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Thread: Hand plane recommondation for thicknessing

  1. #21
    Join Date
    Jul 2012
    Location
    Mangawhai NZ
    Posts
    406

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    I recently made a router sled from various pieces of scrap I had been saving up for a special occasion. It works well down to 1.5mm - and probably below that but I haven't tried.
    I use a 1" bottom routing bit (or some similar name) which has a TCT blade all the way across the bottom of the bit, not just at the edges. It provides a much smoother cut than an ordinary bit.
    To keep the wood perfectly flat I lay it on a sheet of plate glass about 5mm thick and use a hot glue gun to secure the edges of the wood to the glass. I don't get glue between the glass and the wood.
    I then use the router sled to reduce the piece to close to the required thickness. Then, with the wood still attached to the glass, I feed it through the home-made thicknessing sander ( a rotating drum).
    To remove the wood from the glass I just cut the edges where the glue it with a Stanley knife and it separates without problems.
    I can then true the other side if required by repeating the process.

    The prospect of something going wrong with high speed rotating tools and a sheet of glass is something I am very aware of. However, the plate glass has the weight to keep the wood absolutely flat, won't buckle or curl with humidity and has worked very well thus far. I check everything 3 times, wear safety goggles and don't stand too close to the action. So far so good.

    I hope this is idea is useful to others but please be careful
    Miguel

  2. #22
    Join Date
    Jan 2013
    Location
    Honolulu/Hawaii
    Posts
    801

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    just went to friends place with the dewalt planer. was able to thin down to 1.8 sides and 2.2 tops and back without any tearouts. then 120 grit orbital sanded for smooth surface.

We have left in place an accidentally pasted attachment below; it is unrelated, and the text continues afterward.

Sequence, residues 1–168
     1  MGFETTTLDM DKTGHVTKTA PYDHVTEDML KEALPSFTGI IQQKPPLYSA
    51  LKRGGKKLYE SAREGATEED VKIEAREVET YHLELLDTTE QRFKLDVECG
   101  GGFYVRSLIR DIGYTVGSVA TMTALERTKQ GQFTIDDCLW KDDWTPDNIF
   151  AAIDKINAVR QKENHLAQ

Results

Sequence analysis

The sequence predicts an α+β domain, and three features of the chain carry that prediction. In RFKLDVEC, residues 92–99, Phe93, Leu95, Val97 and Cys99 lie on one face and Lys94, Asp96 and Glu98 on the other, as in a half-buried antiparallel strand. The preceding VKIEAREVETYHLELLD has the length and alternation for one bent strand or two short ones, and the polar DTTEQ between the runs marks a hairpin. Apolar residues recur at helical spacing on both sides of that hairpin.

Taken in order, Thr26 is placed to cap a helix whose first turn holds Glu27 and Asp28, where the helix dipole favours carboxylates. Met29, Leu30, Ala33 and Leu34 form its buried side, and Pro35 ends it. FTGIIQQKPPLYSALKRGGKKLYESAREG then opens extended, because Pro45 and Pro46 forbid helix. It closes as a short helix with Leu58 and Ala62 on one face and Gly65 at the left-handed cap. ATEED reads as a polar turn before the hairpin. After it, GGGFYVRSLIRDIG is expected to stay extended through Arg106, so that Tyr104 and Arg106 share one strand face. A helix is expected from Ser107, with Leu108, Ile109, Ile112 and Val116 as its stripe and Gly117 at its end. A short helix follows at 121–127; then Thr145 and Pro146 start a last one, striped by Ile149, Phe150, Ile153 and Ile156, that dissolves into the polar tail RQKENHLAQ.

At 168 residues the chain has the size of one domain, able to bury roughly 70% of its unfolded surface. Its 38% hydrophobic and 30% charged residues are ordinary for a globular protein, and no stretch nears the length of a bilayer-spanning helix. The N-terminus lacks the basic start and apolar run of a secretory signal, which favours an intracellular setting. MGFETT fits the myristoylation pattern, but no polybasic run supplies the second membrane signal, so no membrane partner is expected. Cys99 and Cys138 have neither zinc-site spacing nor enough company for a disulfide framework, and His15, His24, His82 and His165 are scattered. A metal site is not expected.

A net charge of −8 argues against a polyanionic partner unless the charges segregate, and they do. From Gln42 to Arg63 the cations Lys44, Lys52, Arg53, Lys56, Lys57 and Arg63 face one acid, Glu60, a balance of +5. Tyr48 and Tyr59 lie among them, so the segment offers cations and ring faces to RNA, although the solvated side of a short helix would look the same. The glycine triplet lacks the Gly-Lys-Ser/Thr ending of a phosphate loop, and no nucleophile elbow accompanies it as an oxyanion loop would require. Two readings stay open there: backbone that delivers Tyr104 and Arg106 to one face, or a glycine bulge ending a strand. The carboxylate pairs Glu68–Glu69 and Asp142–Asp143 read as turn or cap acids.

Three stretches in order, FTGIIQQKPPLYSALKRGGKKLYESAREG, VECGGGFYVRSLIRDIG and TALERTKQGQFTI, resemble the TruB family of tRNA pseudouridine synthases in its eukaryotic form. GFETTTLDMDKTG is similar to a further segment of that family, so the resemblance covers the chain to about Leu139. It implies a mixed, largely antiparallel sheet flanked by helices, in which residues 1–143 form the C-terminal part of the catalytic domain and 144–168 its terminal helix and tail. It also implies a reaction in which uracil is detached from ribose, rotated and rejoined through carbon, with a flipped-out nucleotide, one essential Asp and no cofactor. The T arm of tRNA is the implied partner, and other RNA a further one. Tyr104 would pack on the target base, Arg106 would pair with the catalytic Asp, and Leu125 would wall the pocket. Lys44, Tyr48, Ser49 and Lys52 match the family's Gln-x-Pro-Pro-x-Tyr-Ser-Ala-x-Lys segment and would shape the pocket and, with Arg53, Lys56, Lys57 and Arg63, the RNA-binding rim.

next will try build a router sled jig and see how that goes. but so far planners do work great on highly curly mango wood, ebony , and rosewood from what I did today.

    then when I get some birthday money get a nice low angle or no 4 plane.

  3. #23
    Join Date
    Dec 2011
    Location
    Grand Junction, Colorado
    Posts
    2,722

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    Thicknessing with a planer is very dangerous territory. It will work until it doesn't.....then you will have at best snipe, and at worst a catastrophic explosion of wood.

  4. #24
    Join Date
    May 2012
    Location
    Virginia USA
    Posts
    383

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    Find a friend with a helical cutterhead planer to reduce tearout portential.

    I built a simple thicknessing drum sander when I first started building. It was quick and cheap with just a few parts. Check out online videos of homemade drum sanders. It'll also make you feel legit.

    Rodney Paul Adams

  5. #25
    Join Date
    Jan 2013
    Location
    Honolulu/Hawaii
    Posts
    801

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    yeah I knew the blades where new , but im sure I wont get lucky when the blades get wornout.
    was good experience I was after. good thing I did passes with scrap woods off the same boards. going from 4.5mm to 2.2 was pretty quick. then orbital sanded for a super smooth top.

    Quote Originally Posted by Beau Hannam Ukuleles View Post
    Thicknessing with a planer is very dangerous territory. It will work until it doesn't.....then you will have at best snipe, and at worst a catastrophic explosion of wood.

  6. #26
    Join Date
    Jan 2013
    Location
    Honolulu/Hawaii
    Posts
    801

    Default

    dang, yeah that's on my to do list. diy drum sander. but in the end im going to end up with low angle plane method or no 4 smooth plane as I only make 1 or 2 a year for fun when i got time. all good experience im learning. wood working is so much fun.

    Quote Originally Posted by RPA_Ukuleles View Post
    Find a friend with a helical cutterhead planer to reduce tearout portential.

    I built a simple thicknessing drum sander when I first started building. It was quick and cheap with just a few parts. Check out online videos of homemade drum sanders. It'll also make you feel legit.


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